• Barking at other dogs
    • Nipping or biting
    • Jumping
    • Growling
  4. Train your dog. Manage your little dog's attitude by training it. This is also an important part of preventing misbehavior. Teach your dog basic commands like "come", "sit", "stay", or "drop it". Begin training your little dog by keeping it on a leash. This will give you control over the situation until your little dog can handle being around big dogs.
    • Be consistent when training your little dog. Your little dog should always know what to expect when it misbehaves. If your dog doesn't do something and you just ignore it, this will cause the dog to become more dominant.
  5. Make your dog earn its treats. It's easy to give little dogs treats for just being cute, but this can actually cause its attitude problems. Instead, you should give your dog treats as rewards for doing things. Your dog could earn treats for exercising, responding to training, or behaving well around big dogs.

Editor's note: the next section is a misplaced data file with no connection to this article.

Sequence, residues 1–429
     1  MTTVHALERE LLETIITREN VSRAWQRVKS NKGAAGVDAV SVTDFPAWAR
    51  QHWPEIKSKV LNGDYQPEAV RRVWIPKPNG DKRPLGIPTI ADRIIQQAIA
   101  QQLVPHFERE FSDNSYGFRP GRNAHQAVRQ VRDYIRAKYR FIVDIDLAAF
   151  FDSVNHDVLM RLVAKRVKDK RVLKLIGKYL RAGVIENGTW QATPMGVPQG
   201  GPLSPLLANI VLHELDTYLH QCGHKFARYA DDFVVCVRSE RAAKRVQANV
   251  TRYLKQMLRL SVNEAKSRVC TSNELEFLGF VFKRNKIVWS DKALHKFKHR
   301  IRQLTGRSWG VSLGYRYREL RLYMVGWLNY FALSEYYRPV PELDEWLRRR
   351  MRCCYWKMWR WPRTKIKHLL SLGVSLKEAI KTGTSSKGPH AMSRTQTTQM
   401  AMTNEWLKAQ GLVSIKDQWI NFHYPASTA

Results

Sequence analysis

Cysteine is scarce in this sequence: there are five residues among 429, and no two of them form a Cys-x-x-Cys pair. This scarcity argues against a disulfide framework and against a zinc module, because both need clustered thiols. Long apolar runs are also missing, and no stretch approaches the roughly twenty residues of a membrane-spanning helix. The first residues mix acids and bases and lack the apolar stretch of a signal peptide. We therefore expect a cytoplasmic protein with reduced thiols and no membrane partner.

• Avoid hand-feeding your little dog its treats. Hand-feeding can contribute to the pack leader mindset that you're trying to manage.
  6. Give your small dog its own sleeping space. Dogs will look for the comfiest place to rest in order to prove their dominance. This is why it's important that you never let your little dog sleep in your bed with you. Doing so will only give your dog the impression that it's the pack leader. Instead, designate a sleeping space for your dog and make it use the space.
    • For example, you could set up a doggie bed in the corner of a spare room. If your dog tries to come into your room to sleep at night, return the dog to their space and close your bedroom door.

Method 2 of 3:Handling Specific Misbehaviors